Michael Imperiale, Ph.D.

Arthur F. Thurnau Professor of Microbiology and Immunology


Dr. Michael Imperiale is a Professor in the Department of Microbiology and Immunology at the University of Michigan Medical School. He joined the department in 1984 as the Arthur F. Thurnau Assistant Professor of Microbiology and Immunology and was subsequently promoted to Associate Professor in 1990 and Professor in 1996. He is currently the Arthur F. Thurnau Professor and Associate Chair of Microbiology and Immunology. Since 2017, he has also served as UM Associate Vice President for Research. In 2010 Dr. Imperiale was elected as a Fellow of the American Academy of Microbiology and in 2011 he was elected as a Fellow of the American Association for the Advancement of Science.

Before joining the University of Michigan, Dr. Imperiale carried out research training as a postdoctoral fellow at The Rockefeller University, where he first became interested in DNA tumor viruses, studying gene regulation in the human pathogen, adenovirus. He received his undergraduate and graduate training at Columbia University, receiving a B.A. in 1976, M.A. in 1978, and Ph.D. in 1981, all in biological sciences. Currently, Dr. Imperiale’s research interests focus on the study of how DNA tumor viruses interact with the host cell.

Dr. Imperiale was appointed in 2015 as the founding Editor-in-Chief of the American Society for Microbiology journal, mSphere, and is an editor of mBio. Dr. Imperiale is also involved in national and international activities relating to science policy. He currently serves on the Committee on Science, Technology, and Law at the National Academies of Science, Engineering, and Medicine.

Research Interests

We study the molecular biology of the small DNA tumor virus, BK polyomavirus (BKPyV), which causes significant disease in transplant recipients including cancer patients undergoing BMT. In addition, recent evidence suggests a causative role for BKPyV in urinary tract cancers in transplant recipients.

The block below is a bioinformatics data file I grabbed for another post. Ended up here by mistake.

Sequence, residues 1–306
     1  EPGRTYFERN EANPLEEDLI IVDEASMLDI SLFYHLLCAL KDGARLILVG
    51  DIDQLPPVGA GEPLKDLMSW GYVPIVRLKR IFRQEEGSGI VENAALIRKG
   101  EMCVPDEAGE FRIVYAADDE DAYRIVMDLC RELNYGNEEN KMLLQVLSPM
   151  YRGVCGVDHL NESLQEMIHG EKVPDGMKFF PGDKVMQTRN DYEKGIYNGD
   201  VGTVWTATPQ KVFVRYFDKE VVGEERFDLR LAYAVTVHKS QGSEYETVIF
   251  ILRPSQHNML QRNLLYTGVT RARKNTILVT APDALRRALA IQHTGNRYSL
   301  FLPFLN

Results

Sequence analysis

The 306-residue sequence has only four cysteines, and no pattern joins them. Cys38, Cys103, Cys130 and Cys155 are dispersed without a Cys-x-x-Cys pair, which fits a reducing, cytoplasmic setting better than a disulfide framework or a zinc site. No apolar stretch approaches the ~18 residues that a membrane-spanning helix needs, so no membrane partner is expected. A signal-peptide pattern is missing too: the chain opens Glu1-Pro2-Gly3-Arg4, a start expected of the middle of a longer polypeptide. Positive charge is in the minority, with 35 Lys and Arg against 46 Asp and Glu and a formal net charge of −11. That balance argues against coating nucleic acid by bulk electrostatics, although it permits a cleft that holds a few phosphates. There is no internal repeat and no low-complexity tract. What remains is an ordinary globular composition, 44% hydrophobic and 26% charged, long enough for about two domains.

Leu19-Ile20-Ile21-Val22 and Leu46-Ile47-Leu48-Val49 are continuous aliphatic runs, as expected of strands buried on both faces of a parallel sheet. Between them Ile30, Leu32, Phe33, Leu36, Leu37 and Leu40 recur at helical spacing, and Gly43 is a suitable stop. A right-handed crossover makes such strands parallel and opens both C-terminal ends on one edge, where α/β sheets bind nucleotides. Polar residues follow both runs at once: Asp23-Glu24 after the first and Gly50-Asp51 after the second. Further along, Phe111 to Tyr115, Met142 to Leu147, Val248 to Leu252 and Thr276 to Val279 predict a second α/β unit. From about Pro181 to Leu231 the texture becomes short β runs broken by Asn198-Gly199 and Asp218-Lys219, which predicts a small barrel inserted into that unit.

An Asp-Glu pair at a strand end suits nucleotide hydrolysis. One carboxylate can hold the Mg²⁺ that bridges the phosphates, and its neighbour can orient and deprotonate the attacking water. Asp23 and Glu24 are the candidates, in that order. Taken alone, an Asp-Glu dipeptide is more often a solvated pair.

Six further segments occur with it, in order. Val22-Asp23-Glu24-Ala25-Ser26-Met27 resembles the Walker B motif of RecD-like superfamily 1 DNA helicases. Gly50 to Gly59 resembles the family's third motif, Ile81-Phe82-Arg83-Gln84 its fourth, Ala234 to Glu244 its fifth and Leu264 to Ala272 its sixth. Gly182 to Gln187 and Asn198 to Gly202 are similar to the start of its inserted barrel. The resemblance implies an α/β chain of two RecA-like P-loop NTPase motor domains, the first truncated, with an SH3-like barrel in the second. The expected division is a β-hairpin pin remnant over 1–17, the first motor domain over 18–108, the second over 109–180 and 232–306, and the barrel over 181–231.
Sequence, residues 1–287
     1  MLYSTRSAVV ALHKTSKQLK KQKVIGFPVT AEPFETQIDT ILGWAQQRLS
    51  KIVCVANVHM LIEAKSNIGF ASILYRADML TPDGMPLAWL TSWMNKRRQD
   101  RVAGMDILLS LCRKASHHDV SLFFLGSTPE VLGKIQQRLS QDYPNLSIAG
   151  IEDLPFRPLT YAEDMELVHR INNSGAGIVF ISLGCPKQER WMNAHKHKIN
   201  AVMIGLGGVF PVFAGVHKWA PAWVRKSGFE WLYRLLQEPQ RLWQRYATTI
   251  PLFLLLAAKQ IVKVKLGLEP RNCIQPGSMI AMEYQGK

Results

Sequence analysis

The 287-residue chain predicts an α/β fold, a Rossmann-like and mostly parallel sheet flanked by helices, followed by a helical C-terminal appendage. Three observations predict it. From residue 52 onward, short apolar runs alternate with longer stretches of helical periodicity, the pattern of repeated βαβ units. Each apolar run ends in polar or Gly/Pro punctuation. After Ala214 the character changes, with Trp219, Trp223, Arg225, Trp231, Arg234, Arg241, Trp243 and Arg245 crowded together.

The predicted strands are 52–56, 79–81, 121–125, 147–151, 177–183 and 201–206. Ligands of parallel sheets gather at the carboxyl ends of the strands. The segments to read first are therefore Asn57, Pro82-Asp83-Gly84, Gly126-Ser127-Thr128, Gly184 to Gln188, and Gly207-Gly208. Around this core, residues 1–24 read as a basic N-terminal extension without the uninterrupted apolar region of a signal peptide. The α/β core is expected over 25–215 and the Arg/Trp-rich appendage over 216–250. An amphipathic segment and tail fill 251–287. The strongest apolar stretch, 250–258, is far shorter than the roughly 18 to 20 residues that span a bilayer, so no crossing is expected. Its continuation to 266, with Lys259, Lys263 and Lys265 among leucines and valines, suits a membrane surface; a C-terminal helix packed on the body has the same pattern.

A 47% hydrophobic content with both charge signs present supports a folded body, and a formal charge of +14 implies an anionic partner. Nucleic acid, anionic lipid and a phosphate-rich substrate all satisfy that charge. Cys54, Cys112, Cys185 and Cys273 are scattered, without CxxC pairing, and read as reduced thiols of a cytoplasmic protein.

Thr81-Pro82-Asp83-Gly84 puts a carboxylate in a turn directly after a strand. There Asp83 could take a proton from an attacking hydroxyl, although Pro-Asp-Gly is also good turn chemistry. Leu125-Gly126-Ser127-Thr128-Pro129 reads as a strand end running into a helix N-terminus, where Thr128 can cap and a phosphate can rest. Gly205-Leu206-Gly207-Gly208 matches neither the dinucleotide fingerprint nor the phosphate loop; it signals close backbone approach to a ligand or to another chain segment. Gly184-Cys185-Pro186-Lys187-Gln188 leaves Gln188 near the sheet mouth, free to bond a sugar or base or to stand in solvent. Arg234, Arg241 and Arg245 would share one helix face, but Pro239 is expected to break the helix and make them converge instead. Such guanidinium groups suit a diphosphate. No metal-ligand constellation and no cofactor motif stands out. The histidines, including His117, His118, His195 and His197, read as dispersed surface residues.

Broekema, N.M. and Imperiale, M.J. (2013). miRNA regulation of BK polyomavirus replication during early infection. Proc. Natl. Acad. Sci. USA 110:8200-8205.

Bennett, S.M., Jiang, M., and Imperiale, M.J. (2013). Role of cell type-specific ER-associated degradation in polyomavirus trafficking. J. Virol. 87:8843-8852.

DeCaprio, J.A., Imperiale, M.J., and Major, E.O. (2013). Polyomaviruses. In: D.M. Knipe, P.M. Howley, J.I. Cohen, D.E. Griffin, R.A. Lamb, M.A. Martin, V.R. Racaniello, and B. Roizman (eds.): Fields Virology, 6th Edition, Lippincott Williams & Wilkins, Philadelphia.

Casadevall, A., Enquist, L., Imperiale, M.J., Osterholm, M., Relman, D.A., and Keim, P. (2013). Redaction of sensitive data in the publication of dual use research of concern. mBio 5(1):e00991-13. doi:10.1128/mBio.00991-13.

Imperiale, M.J. (2014). Polyomavirus miRNAs: the beginning. Curr. Opin. Virol. 7:29-32.

Casadevall, A., Dermody, T.S., Imperiale, M.J., Sandri-Goldin, R.M., and Shenk, T.E. (2014). On the need for a national board to assess dual use research of concern (DURC). J. Virol. 88:6535-6537.

Casadevall A, Imperiale MJ. (2014). Risks and benefits of gain-of-function experiments with pathogens of pandemic potential, such as influenza virus: a call for a science-based discussion. mBio 5(4):e01730-14. doi:10.1128/mBio.01730-14.

Casadevall A, Howard D, Imperiale MJ. (2014). An epistemological perspective on the value of gain-of-function experiments involving pathogens with pandemic potential. mBio 5(5):e01875-14. doi:10.1128/mBio.01875-14.

Casadevall A, Howard D, Imperiale MJ. (2014). The apocalypse as a rhetorical device in the influenza virus gain-of-function debate. mBio 5(5):e02062-14. doi:10.1128/mBio.02062-14.

Imperiale, M.J. and Casadevall, A. (2014). The vagueness and costs of the pause on gain-of-function (GOF) experiments on pathogens with pandemic potential including influenza virus. mBio 5(6):e02292-14. doi:10.1128/mBio.02292-14.

Bennett, S.M., Zhao, L., Bosard, C., and Imperiale, M.J. (2015). Role of a nuclear localization signal on the minor capsid proteins VP2 and VP3 in BKPyV nuclear entry. Virology 474:110-116.

Imperiale, M.J. and Jiang, M. (2015). What DNA viral genomic rearrangements tell us about persistence. J. Virol. 89:1948-1950.

Duprex, W.P., Fouchier, R.A.M., Imperiale, M.J., Lipsitch, M., and Relman, D.A. (2015). Gain-of-function experiments: time for a real debate. Nature Rev. Microbiol. 13:58-64. doi:10.1038/nrmicro3405.

Imperiale M.J. and Casadevall, A. (2015). The importance of virology at a time of great need and great jeopardy. mBio 6(2):e00236-15.

Verhalen B., Justice, J.L., Imperiale, M.J., and Jiang, M. (2015). Viral DNA replication-dependent DNA damage response activation during BK polyomavirus infection. J. Virol. 89:5032-5039.

Imperiale, M.J. and Casadevall, A. (2015). A new synthesis for dual use research of concern. PLoS Med 12(4): e1001813. doi:10.1371/journal.pmed.1001813.

Verhaegen, M.E., Mangelberger, D., Harms, P.W., Vozheiko, T.D., Weick, J.W., Wilbert, D.M., Saunders, T.L., Ermilov, A.N., Bichakjian, C.K., Johnson, T.M., Imperiale, M.J., and Dlugosz, A.A. (2015). Merkel cell polyomavirus small T antigen is oncogenic in transgenic mice. J. Inv. Dermatol. 135, 1415–1424.